“Give me a lever and a place to stand and I shall move the earth.” That’s what Archimedes said when describing the advantage that leverage gives. Force times distance on one side of the fulcrum equals force times distance on the other side. That’s how you can lift a hundred pound weight with only five pounds of push – if the distance on one side is twenty times that of the other. Of course, this only works if the lever and the fulcrum are stable and strong.
The same principle applies to financial leverage. A 1% return on assets can be multiplied to a 10% return on equity if the company is levered 10-to-1. That’s the way banks work, taking in deposits and making loans. They lend money at 4% and pay depositors 1%, pay their employees and other expenses, and the remainder – their net profit – is available to shareholders for dividends or buybacks or growth.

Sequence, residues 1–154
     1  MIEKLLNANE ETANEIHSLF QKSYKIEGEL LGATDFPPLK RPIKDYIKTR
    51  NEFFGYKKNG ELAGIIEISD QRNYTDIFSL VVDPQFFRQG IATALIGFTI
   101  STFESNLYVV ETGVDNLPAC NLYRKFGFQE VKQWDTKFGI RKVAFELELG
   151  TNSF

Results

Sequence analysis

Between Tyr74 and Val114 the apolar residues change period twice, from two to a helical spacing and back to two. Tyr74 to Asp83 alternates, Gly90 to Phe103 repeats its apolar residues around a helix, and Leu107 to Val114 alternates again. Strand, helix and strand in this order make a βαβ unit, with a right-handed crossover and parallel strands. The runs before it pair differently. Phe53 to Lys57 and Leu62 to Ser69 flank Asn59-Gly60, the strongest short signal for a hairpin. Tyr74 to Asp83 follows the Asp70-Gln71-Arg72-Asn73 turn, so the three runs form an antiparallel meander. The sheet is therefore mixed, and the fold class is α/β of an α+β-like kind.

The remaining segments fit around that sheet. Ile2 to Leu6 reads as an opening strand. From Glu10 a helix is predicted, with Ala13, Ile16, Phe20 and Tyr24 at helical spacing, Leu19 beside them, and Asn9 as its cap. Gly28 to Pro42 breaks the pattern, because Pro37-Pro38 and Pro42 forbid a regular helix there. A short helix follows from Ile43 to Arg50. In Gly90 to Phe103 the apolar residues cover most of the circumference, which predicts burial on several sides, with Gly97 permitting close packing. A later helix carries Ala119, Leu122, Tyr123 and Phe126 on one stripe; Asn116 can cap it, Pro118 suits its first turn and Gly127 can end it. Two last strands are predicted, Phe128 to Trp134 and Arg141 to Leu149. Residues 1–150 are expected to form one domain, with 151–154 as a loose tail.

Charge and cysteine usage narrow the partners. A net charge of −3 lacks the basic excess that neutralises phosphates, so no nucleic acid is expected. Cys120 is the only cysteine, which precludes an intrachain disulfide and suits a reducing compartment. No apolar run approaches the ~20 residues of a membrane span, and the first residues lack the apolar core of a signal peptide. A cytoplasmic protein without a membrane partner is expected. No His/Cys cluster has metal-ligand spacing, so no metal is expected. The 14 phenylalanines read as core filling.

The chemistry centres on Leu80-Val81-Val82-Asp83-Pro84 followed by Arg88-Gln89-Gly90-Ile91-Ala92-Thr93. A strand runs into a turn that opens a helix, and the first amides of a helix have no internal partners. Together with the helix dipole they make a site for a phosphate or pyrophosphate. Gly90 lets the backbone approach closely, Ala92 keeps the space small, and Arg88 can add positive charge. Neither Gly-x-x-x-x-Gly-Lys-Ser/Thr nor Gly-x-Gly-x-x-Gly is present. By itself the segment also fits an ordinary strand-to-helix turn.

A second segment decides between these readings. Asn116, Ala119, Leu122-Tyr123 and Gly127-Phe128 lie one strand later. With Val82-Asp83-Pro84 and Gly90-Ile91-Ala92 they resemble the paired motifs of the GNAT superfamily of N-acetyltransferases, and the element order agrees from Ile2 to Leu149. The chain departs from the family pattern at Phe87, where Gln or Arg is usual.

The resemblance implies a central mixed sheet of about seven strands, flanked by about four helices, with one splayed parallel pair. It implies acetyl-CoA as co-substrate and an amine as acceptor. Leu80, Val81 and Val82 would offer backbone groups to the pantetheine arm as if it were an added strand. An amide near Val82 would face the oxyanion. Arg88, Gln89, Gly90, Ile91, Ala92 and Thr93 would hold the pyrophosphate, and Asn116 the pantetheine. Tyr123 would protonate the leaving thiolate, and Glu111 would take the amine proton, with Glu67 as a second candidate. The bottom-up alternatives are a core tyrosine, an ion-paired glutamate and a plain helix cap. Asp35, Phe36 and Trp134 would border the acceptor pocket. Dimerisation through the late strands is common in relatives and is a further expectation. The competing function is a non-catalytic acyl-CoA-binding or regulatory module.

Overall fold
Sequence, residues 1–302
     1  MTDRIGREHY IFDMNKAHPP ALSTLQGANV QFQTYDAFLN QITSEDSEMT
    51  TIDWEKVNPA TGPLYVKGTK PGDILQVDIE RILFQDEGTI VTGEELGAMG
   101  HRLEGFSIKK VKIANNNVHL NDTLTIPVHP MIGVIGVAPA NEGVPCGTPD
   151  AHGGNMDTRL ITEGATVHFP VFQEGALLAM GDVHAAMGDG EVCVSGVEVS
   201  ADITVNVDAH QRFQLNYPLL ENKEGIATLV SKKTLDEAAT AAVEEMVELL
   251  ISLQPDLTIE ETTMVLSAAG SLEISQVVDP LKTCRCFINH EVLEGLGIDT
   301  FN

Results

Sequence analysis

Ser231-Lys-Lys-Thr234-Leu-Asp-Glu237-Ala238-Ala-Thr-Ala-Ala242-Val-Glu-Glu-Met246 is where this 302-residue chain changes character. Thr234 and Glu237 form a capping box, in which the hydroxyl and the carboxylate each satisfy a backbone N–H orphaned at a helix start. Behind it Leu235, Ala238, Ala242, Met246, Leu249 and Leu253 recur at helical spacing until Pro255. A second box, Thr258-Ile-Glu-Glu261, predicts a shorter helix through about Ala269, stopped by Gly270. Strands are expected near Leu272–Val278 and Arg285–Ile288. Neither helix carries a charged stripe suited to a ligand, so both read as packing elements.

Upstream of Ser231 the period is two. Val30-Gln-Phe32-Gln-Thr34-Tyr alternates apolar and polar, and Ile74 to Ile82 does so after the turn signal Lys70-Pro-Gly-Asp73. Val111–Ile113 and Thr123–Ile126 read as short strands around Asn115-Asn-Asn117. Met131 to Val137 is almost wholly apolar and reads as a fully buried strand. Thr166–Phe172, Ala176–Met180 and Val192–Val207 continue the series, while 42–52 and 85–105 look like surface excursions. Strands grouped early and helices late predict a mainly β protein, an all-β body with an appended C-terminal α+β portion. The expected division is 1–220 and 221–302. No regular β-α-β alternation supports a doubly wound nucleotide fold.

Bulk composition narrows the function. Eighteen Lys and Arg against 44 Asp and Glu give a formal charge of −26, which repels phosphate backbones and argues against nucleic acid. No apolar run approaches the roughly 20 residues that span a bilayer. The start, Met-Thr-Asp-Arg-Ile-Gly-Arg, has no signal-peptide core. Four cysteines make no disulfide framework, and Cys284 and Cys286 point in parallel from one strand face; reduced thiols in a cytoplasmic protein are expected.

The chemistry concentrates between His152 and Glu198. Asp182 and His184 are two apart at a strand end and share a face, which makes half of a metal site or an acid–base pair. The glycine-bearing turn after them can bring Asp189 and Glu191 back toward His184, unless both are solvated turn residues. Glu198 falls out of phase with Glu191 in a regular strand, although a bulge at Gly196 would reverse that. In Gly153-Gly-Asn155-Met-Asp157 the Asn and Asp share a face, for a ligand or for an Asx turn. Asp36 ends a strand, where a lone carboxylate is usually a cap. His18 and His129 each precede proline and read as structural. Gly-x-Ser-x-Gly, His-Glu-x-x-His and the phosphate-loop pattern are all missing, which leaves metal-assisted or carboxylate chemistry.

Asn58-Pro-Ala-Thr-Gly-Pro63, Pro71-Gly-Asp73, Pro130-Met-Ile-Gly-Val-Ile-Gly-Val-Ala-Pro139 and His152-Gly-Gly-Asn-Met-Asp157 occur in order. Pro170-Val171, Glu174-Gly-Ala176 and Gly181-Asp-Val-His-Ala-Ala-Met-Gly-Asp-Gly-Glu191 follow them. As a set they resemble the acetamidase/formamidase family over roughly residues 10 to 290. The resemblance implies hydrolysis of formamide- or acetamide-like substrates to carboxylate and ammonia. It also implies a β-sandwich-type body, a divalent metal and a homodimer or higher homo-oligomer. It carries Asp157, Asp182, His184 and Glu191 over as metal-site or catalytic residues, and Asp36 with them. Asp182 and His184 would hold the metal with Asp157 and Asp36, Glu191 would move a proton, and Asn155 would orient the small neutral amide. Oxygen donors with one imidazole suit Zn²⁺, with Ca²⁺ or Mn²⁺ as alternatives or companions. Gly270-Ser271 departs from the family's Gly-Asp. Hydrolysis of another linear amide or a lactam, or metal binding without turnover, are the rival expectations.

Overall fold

Of course, that leverage increases financial risk, as well as return. If a company is levered 10-to-1 and asset values decline by 11%, the company would become insolvent. The assets wouldn’t be worth enough, at those prices, to satisfy the liabilities. That’s what happened to a lot of banks during the housing bust, when home prices in some areas fell 40% or more – destroying their owners’ home equity, and wiping out the banks that held the mortgages. There’s no free lunch. Levered returns are higher, but riskier.
Finally, there’s operational leverage, where managers provide incentives and training to their staff to get more work done. If a manager invests 20 hours of her time in training, and gets a staff of 10 to improve productivity by 1%, management has just levered their own effort by 10 times. Managers can provide incentives as well that encourage their teams to improve the quality and quantity of their work. The right manager with the right structure and a well-trained and motivated team can work wonders. They literally change everything.
That’s what Steve Jobs accomplished at Apple, what Andy Grove did at Intel, what Jaime Dimon has done at JP Morgan. Archimedes was right: leverage – mechanical, financial, or operational – can move the world.
Douglas R. Tengdin, CFA